Blog Tags: Fisheries Management
What’s the key to restoring ocean abundance while simultaneously feeding the world? It turns out the answer is simpler than you may think: establish sustainable fishing quotas, reduce bycatch, and protect habitat, according to Jackie Savitz, Oceana’s vice president for U.S. Oceans. With climate change increasingly reducing the availability of arable land and compromising our ability to produce other protein sources, the need to rebuild the world’s fisheries to feed the world is more present than ever before.
Responsible fisheries management took a hit today as the House Committee on Natural Resources passed a bill that threatens to undo the significant progress the United States has made in reversing the effects of decades of overfishing and making the U.S. a world leader in fisheries management. H.R. 4742, sponsored by committee chairman Doc Hastings (R-WA), would reauthorize the Magnuson-Stevens Fishery Conservation and Management Act (MSA), our nation’s primary fisheries management law.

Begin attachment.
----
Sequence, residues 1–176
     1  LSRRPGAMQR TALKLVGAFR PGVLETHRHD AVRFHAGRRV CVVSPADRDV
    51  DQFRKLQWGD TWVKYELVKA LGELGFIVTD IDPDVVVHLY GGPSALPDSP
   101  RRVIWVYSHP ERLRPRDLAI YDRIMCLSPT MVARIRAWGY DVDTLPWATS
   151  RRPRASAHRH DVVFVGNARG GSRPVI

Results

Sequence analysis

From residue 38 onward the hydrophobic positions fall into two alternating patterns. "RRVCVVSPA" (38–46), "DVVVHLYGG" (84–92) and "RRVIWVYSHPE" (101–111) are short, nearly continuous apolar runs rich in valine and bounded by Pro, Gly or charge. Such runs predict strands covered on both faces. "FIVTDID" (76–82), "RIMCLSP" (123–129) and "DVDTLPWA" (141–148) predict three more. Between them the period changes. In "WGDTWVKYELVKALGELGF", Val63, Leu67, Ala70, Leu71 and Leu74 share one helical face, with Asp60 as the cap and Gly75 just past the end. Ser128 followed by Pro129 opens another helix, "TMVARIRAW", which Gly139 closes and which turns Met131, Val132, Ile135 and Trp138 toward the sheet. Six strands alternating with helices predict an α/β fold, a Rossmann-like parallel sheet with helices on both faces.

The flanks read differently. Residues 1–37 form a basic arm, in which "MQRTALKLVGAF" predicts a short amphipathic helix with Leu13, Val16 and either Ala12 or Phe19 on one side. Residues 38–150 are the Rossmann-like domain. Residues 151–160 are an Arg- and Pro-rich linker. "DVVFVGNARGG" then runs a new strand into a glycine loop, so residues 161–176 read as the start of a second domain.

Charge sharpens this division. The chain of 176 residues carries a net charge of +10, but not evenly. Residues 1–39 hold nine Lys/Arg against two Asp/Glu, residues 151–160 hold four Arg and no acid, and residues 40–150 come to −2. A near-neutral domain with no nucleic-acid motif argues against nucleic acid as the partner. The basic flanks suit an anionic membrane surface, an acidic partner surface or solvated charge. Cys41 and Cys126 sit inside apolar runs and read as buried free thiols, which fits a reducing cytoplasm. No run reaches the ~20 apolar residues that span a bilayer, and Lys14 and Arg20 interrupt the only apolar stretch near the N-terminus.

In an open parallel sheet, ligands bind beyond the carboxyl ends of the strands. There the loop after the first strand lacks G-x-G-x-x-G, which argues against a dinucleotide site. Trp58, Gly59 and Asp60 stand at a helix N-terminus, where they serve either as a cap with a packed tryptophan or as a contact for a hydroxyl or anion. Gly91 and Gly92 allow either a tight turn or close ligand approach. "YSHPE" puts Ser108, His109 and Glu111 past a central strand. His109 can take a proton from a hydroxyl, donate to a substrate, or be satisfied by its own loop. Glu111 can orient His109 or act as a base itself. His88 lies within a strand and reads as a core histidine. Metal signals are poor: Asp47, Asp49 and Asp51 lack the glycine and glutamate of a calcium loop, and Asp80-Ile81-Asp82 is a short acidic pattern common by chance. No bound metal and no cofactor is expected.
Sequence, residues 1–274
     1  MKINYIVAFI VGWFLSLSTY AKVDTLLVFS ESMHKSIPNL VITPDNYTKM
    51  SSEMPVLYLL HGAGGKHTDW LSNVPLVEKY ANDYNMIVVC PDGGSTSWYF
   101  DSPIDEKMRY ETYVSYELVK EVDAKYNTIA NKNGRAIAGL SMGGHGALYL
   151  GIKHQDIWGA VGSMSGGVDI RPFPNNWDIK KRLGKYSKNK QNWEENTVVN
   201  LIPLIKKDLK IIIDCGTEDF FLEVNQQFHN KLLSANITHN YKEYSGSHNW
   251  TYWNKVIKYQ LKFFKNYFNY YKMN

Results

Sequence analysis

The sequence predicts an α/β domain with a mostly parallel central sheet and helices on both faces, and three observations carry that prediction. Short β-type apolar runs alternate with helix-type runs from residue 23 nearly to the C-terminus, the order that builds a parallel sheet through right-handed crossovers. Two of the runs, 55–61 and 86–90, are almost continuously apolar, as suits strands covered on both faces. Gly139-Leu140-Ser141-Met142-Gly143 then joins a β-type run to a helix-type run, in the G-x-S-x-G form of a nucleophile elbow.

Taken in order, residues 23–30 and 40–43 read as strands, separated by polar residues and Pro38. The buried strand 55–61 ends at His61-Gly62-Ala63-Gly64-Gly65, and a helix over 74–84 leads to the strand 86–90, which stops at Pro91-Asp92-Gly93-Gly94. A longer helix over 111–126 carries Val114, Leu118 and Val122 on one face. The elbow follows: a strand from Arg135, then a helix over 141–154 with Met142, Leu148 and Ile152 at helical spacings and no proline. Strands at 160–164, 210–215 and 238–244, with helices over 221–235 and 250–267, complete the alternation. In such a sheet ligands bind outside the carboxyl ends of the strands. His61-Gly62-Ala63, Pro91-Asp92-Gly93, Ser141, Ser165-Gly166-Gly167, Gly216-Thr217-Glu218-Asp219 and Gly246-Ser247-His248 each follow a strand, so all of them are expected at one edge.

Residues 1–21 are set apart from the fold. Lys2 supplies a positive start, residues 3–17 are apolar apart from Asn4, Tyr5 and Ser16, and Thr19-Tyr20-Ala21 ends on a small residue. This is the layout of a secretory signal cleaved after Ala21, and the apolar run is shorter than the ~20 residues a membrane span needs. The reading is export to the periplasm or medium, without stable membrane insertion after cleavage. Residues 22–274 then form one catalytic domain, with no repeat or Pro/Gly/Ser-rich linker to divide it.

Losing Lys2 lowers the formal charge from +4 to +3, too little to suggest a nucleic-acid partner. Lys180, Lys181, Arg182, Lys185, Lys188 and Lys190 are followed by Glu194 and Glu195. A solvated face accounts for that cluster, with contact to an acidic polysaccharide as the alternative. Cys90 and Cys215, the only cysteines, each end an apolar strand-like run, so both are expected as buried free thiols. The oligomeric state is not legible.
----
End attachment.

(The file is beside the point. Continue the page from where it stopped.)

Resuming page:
- Ocean Roundup: Gulf of Mexico Sharks are Shrinking, Caribbean Reefs Capable of Being Saved, and More Posted Fri, September 19, 2014
- Ocean Roundup: Tiny Clownfish Can Swim for 250 Miles, Sydney Harbor May Turn Tropical, and More Posted Thu, September 18, 2014
- Congress Advances Legislation to Fight Pirate Fishing, Keep Illegally-Caught Seafood Out of U.S. Market Posted Fri, September 19, 2014
- Sharks and Rays Gain International Protection under CITES Listing Posted Sun, September 14, 2014
- Photos: Oceana Launches Expedition to El Hierro Island and Atlantic Seamounts Posted Thu, September 18, 2014